The clinical and autopsy findings in a patient with the severe form of leukocyte adhesion deficiency are presented. An 18-month-old Hispanic female had a history of delayed umbilical cord separation, recurrent necrotizing skin lesions, and gingivitis. Her neutrophils were found to lack detectable CD11/CD18 adhesion glycoproteins and were deficient in adhesion-dependent functions. She succumbed to necrotizing enterocolitis, peritonitis, and pneumonia following sudden cardiorespiratory collapse. Postmortem examination revealed multiple regions of mucosal ulceration and bacterial and fungal overgrowth with complete lack of an acute inflammatory response. Impaired neutrophil emigration from blood vessels into injured tissue appears to have been the basis of this patient's disease. Some of the many foci of bronchopneumonia, in contrast, contained numerous neutrophils. Lymphoid tissue, including the thymus, was severely depleted of lymphocytes. These findings support the concepts that neutrophils can emigrate in response to certain stimuli via CD18-independent mechanisms and that severe deficiency of CD18 is associated with compromised function of lymphocytes in vivo..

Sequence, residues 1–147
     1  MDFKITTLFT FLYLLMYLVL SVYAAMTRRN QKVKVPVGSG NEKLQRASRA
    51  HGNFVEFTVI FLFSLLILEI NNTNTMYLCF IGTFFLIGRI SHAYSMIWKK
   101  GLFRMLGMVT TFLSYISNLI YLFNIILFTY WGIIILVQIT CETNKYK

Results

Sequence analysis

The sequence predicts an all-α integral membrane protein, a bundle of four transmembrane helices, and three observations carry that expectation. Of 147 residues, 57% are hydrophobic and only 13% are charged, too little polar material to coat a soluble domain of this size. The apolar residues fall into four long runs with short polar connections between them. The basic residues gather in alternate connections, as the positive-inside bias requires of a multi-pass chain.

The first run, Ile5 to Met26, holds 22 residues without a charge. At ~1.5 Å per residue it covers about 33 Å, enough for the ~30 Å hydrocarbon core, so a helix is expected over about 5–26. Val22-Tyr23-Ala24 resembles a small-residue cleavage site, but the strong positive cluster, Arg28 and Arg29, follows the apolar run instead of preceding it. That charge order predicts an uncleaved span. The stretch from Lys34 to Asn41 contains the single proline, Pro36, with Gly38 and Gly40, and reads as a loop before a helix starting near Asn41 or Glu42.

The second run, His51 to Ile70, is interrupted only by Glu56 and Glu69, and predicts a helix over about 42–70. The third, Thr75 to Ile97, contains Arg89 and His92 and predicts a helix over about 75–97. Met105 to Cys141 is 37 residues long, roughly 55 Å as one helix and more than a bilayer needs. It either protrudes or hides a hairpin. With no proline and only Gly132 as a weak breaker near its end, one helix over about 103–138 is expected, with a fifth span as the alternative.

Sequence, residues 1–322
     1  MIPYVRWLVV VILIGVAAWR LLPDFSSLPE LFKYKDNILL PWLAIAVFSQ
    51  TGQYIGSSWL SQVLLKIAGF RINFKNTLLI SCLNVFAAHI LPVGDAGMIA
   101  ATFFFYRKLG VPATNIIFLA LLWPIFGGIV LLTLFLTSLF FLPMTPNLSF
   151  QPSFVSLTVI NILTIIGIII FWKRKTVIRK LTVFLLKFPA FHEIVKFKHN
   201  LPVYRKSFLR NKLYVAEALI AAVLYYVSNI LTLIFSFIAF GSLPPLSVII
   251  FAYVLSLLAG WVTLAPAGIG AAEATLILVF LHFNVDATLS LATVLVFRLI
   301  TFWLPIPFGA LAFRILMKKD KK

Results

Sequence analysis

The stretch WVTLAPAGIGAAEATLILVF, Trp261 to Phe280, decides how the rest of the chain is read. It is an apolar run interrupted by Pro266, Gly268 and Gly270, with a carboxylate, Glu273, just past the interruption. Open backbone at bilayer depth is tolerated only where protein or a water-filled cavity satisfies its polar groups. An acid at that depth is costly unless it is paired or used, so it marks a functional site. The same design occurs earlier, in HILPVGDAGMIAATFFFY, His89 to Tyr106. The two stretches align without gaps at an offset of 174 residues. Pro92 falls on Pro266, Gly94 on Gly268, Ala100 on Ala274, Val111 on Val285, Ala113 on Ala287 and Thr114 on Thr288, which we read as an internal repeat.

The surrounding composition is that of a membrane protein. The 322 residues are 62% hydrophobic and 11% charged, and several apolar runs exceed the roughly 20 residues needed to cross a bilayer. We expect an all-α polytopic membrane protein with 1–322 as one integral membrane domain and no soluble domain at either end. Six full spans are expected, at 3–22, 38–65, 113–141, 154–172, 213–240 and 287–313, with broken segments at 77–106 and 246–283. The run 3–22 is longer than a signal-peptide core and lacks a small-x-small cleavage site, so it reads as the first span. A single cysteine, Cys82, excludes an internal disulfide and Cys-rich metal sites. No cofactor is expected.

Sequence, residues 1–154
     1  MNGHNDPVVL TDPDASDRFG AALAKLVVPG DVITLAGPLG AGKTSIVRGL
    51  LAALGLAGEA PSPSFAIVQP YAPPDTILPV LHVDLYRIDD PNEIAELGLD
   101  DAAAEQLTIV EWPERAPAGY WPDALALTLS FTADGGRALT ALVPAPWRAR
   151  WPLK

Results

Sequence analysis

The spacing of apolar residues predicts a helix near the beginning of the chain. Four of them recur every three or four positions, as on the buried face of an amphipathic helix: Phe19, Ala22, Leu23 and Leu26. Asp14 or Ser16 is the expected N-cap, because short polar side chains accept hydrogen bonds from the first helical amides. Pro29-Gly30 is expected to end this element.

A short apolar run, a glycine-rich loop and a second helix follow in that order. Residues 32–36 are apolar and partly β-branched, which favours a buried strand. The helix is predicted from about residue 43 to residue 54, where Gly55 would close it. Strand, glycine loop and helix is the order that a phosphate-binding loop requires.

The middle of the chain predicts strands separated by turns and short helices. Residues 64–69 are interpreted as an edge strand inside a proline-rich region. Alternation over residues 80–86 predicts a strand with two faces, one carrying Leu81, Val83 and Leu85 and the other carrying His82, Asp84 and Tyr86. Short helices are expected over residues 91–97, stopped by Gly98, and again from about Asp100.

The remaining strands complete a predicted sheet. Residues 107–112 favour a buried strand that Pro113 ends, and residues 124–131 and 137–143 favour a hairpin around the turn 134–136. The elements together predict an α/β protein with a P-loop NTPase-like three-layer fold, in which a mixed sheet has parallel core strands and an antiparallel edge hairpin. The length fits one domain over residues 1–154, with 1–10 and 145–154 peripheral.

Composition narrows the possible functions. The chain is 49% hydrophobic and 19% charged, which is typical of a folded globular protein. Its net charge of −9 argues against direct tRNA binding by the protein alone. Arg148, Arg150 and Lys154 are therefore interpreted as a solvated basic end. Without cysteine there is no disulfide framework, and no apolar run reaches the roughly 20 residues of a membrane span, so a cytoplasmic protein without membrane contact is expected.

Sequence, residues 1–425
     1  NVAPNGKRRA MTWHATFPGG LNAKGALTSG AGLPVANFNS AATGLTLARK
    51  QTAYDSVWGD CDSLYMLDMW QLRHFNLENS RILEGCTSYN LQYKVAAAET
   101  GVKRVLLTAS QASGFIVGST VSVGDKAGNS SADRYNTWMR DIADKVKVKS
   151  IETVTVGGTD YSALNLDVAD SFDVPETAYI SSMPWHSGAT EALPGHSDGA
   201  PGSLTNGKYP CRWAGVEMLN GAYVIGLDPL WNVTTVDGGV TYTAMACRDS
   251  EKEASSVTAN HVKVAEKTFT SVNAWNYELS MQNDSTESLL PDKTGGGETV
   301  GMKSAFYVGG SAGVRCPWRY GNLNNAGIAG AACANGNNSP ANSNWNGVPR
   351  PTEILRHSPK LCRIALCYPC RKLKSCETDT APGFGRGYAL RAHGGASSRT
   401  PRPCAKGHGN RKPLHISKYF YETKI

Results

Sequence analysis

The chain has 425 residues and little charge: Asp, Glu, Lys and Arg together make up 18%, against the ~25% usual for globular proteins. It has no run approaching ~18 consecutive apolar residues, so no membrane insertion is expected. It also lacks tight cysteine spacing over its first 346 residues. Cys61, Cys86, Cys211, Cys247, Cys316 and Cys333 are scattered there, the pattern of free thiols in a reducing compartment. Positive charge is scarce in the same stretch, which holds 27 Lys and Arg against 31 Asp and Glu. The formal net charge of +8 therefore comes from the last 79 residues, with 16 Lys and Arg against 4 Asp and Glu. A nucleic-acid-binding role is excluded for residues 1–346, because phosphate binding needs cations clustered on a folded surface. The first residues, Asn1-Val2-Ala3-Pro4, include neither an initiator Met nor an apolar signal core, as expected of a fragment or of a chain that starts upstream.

ASJC Scopus subject areas
- Pediatrics, Perinatology, and Child Health
- Pathology and Forensic Medicine